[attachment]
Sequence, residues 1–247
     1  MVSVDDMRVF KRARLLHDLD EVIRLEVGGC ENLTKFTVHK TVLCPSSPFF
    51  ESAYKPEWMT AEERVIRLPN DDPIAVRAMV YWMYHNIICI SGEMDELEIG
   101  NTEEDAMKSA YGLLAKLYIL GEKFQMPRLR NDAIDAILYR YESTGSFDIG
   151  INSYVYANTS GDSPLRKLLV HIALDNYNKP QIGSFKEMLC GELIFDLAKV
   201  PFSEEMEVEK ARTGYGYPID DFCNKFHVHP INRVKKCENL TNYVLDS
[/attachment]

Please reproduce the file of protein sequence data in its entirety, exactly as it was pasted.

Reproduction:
Sequence, residues 1–247
     1  MVSVDDMRVF KRARLLHDLD EVIRLEVGGC ENLTKFTVHK TVLCPSSPFF
    51  ESAYKPEWMT AEERVIRLPN DDPIAVRAMV YWMYHNIICI SGEMDELEIG
   101  NTEEDAMKSA YGLLAKLYIL GEKFQMPRLR NDAIDAILYR YESTGSFDIG
   151  INSYVYANTS GDSPLRKLLV HIALDNYNKP QIGSFKEMLC GELIFDLAKV
   201  PFSEEMEVEK ARTGYGYPID DFCNKFHVHP INRVKKCENL TNYVLDS